HIV infection Tori Cooper UNH Atlanta epidemic United States Amsterdam Shen Georgia consultant six months ten thousand dollars twenty second twenty years six percent six month
"hiv infection" Discussed on NEJM This Week - Audio Summaries

NEJM This Week - Audio Summaries

02:48 min | 2 years ago

"hiv infection" Discussed on NEJM This Week - Audio Summaries

"Various organ specific autoimmune diseases is most likely due to a combination of genetic susceptibility and environmental factors mono genyk auto immune pollyanna andrew cohen syndromes have provided an opportunity to learn more about specific factors that are critical for maintaining immune tolerance in parallel major advances in characterizing auto immunity in patients such as the identification of new auto antibody targets associated with distinct diseases and their manifestations have occurred this article reviews some of these important developments and discusses approaches for the appropriate diagnosis and longitudinal follow up of affected patients a fifty five year old man with hiv infection and a mass on the right side of the face a case record of the massachusetts general hospital by kevin ard and colleagues a fifty five year old man with hiv infection and a cd four t cell count of sixty five per cubic millimetre presented to the hospital one week after he started antiretroviral therapy because of a rapidly enlarging mass at the angle of the right mandible one week earlier the patient received a diagnosis of hiv one he reported that he had lost approximately eighteen kilograms during the past two years that he had chronic oral dental pain and chronic cough at night and that the skin on his forehead cheeks and chest was peeling on examination the mass was firm fixed and tender and measuring zero point five centimetres in diameter with no overlying our thema or warmth one week after this evaluation repeat examination revealed that the size of the mass on the right side of the face had increased to one centimeter in diameter one week later the size of the mass had increased to one point five centimeters in diameter and numbness of the right pinna had developed c revealed asymmetric enlargement of the right parotid gland there are several possible causes of parotid gland enlargement including infection anatomical causes mechanical obstruction auto immune disorders benign neoplasms and cancer however several features that are red flags for cancer were present in this patient including numbness of the pinna which suggests neurologic impingement rapid growth and the fixed nature of the mass and aggressive lymphoma.

hiv infection kevin ard hiv chronic cough lymphoma andrew cohen massachusetts general hospital one week fifty five year eighteen kilograms five centimeters five centimetres one centimeter two years
"hiv infection" Discussed on WNYC 93.9 FM

WNYC 93.9 FM

02:10 min | 2 years ago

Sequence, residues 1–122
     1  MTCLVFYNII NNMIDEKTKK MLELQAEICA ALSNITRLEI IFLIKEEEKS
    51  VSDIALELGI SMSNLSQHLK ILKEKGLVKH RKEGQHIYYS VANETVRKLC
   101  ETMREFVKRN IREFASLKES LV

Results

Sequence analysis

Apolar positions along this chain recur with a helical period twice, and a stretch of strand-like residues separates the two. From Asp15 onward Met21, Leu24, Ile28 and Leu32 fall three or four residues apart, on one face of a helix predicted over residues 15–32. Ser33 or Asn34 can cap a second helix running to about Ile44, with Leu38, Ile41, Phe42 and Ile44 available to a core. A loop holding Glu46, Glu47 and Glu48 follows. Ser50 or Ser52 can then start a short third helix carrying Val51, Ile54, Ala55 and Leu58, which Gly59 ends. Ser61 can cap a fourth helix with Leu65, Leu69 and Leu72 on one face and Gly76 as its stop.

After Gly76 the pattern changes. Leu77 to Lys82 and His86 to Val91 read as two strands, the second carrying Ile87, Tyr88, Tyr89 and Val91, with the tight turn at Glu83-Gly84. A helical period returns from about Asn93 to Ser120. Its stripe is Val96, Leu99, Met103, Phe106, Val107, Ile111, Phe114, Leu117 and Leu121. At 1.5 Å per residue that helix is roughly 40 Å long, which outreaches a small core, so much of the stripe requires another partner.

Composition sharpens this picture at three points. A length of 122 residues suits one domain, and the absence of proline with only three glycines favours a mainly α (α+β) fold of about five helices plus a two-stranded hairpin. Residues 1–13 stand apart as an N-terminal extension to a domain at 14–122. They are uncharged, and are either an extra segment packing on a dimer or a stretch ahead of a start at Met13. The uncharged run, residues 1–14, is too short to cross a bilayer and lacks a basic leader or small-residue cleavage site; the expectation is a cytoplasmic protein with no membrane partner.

"hiv infection" Discussed on WNYC 93.9 FM

"So to me it clicked that this was zero conversion ours it sometimes called acute hiv infection and this is the body's reaction in producing antibodies to the hiv antigen it's important to note that not everybody goes through this phase of sickness but i was one of the lucky ones who did and i was lucky as an there were these physical symptoms that let me detect the virus pretty early and i wanna show of hands for these next few questions how many view in here were aware that with treatment those with hiv not only fend off aides completely but they live full and normal lives all educate how many of you are aware that with treatment those with hiv can reach an undetectable status and that makes them virtually uninfected as much less how many of you were aware of the pre and post exposure treatments that are available that reduce the risk of transmission by over ninety percent so what i want to ask next is this if we have made such exponential progress in combating hiv why have in our perceptions of those with the virus evolved alongside when you were diagnosed with hiv who did you tout i told my best friends who who were very supportive and they were great about it on the kind of have this nice exchange this dialogue and that was very affirming and then i told my roommate's who are also very good friends of mine and they had a very interesting reaction they they broke down they started crying they were hugging each other they thought it was going to die in front of them and at this point it's been like four or five weeks since infection all my immediate symptoms were were gone like so i'm feeling okay but things started to change with that group of friends um what what happened i would just notice little um initially was little things i would have my roommate's he would kind of sidestep around me when i was walking around and he was.

hiv infection ninety percent five weeks
"hiv infection" Discussed on KQED Radio

KQED Radio

01:46 min | 2 years ago

"hiv infection" Discussed on KQED Radio